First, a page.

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“What are you holding on to?”

Posted: April 18, 2017

I had a conversation with a couple of colleagues about this idea… We each talked about, “stuff” that we held on to… My disclosure was that we still had stuff in our basement from a cabin we sold a couple of years ago. I said after we sold the cabin we had a storage unit filled with the contents of five years of cabin life. After a year, we realized it was time to let it go. We sold some of it, much of it we gave away. The remnants were in our basement.

One person admitted that he had boxes filled with items that he had not opened in years. A friend suggested that he give it all away, because he didn’t need it. Another colleague mentioned a friend’s home filled with mementos. I just finished the book, Tidy Up: The Life Changing Magic of Tidying UP: The Japanese Art of Decluttering and Organizing by Marie Condo. It has been a National Best Seller for months. She asks us to consider each item we own and ask ourselves, “Does it bring joy?” If not, she suggests giving it away.

Perhaps this idea cuts to the heart of Lent. “What are we holding on to?” And, on a deeper level, “What can we let go of?” Maybe this is the season not only to free ourselves of unwanted items that we no longer need. Maybe the real call this season is to consider what we can let go of that is holding us back from joy. Are we holding on to anger, resentment, or old grudges? Do we hold limiting ideas of what is possible for us? Is there an unanswered call to reconcile, forgive those who have harmed us? Is there a window of grace this Lenten season to ask forgiveness?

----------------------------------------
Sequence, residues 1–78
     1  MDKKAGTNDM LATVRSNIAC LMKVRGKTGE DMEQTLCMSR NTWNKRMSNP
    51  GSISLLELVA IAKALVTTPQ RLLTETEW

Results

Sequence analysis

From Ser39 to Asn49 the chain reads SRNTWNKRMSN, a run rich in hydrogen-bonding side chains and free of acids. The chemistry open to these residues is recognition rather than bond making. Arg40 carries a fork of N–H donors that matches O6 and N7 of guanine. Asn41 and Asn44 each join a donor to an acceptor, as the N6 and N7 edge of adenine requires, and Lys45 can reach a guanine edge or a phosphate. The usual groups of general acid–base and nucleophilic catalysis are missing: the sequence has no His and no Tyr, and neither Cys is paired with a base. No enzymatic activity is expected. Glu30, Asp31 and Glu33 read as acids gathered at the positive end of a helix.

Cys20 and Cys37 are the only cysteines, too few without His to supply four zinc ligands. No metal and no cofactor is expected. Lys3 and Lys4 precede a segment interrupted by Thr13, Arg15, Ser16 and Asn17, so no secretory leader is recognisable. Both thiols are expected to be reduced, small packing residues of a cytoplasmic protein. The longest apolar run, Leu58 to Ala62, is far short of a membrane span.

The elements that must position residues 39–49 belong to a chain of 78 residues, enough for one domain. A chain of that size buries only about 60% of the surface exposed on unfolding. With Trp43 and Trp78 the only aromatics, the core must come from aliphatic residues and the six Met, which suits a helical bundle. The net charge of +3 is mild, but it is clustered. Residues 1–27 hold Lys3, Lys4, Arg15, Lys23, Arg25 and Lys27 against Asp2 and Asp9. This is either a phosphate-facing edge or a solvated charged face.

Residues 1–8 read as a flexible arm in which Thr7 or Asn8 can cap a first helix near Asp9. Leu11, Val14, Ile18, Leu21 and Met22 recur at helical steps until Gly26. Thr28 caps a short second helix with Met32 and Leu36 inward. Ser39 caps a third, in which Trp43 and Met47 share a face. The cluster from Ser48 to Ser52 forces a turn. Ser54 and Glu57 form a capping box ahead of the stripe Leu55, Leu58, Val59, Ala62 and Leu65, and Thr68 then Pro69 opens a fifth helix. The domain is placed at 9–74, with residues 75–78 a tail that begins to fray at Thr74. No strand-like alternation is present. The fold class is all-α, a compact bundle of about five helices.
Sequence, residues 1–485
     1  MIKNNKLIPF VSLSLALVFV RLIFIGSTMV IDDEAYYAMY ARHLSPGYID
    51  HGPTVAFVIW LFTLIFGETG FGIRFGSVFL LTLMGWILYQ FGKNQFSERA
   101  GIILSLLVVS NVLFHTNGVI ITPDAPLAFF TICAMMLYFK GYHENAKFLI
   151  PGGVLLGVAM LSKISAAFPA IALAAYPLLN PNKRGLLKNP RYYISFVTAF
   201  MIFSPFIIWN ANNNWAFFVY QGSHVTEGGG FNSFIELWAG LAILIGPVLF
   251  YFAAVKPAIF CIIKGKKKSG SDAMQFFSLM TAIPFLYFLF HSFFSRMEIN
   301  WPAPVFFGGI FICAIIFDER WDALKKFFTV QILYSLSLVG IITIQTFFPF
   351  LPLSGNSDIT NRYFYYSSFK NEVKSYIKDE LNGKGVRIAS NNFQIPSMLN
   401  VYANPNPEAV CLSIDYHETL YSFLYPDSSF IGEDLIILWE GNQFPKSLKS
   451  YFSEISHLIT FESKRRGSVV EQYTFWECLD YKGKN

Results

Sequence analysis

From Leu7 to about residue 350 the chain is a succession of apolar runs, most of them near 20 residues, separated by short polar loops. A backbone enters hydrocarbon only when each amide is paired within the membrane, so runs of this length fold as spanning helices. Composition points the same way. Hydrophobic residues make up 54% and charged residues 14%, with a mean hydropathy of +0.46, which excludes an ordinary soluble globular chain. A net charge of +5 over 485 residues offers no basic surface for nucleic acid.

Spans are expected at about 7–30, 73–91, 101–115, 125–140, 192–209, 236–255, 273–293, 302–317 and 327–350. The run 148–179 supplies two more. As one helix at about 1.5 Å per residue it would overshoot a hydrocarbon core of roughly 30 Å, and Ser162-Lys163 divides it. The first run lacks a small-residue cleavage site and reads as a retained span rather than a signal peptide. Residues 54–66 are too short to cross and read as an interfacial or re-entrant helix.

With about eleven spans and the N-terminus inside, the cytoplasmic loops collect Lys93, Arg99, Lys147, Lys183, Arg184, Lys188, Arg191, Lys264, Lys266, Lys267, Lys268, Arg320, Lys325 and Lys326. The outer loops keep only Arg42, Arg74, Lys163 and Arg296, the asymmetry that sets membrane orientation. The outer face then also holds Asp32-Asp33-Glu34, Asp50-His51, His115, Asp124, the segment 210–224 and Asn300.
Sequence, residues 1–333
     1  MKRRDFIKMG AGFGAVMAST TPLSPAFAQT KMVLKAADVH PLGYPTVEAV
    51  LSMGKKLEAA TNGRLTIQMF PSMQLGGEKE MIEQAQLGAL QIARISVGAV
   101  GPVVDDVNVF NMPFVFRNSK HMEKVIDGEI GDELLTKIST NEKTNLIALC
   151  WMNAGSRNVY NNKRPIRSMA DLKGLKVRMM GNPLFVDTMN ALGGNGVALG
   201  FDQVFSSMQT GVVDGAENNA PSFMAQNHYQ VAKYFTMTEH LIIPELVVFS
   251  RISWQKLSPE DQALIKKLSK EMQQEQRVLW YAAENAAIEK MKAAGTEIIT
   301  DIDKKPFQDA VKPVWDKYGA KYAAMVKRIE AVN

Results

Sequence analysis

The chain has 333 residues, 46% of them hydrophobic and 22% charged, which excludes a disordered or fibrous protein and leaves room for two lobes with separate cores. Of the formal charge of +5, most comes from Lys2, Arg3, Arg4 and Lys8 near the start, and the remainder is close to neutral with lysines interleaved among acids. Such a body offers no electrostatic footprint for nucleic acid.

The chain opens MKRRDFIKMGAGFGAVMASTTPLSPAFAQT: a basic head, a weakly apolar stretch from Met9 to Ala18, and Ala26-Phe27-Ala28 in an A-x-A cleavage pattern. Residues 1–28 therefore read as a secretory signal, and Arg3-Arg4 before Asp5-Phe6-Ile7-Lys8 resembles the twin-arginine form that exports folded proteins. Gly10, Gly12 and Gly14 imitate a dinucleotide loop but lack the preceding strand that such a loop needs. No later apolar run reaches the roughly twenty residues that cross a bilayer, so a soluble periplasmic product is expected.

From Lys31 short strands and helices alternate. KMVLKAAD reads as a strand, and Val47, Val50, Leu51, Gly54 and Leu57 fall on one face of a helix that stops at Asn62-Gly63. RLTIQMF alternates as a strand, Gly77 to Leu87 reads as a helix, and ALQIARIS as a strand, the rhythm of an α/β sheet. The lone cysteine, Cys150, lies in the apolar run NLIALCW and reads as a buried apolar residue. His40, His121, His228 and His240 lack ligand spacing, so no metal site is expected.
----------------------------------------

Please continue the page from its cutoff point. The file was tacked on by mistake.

Sometimes reconciliation or reparations are not possible. There may be people who have harmed us that will never apologize; we will never get any real closure in a traditional sense. Making the choice to forgive doesn’t change what happened to us, it gives us freedom to move beyond it. This may be the season to ask for peace so we can finally let go of this burden.

We may wonder if we let go, “What will take its place?” The ironic piece is that God enters the void and transforms it with love. In the Gospel of John 14:7 it says, “My peace I give to you: I do not give it as the world gives.” This reminds us that God operates in a different currency… It is the currency of radical love, forgiveness and redemption. It led to the ultimate sacrifice on the cross.

Maybe the time is now to let go of what we are holding on to so we can truly live as, “Easter People.” We wish you and your family blessings this Easter Season!

Maura Schnorbach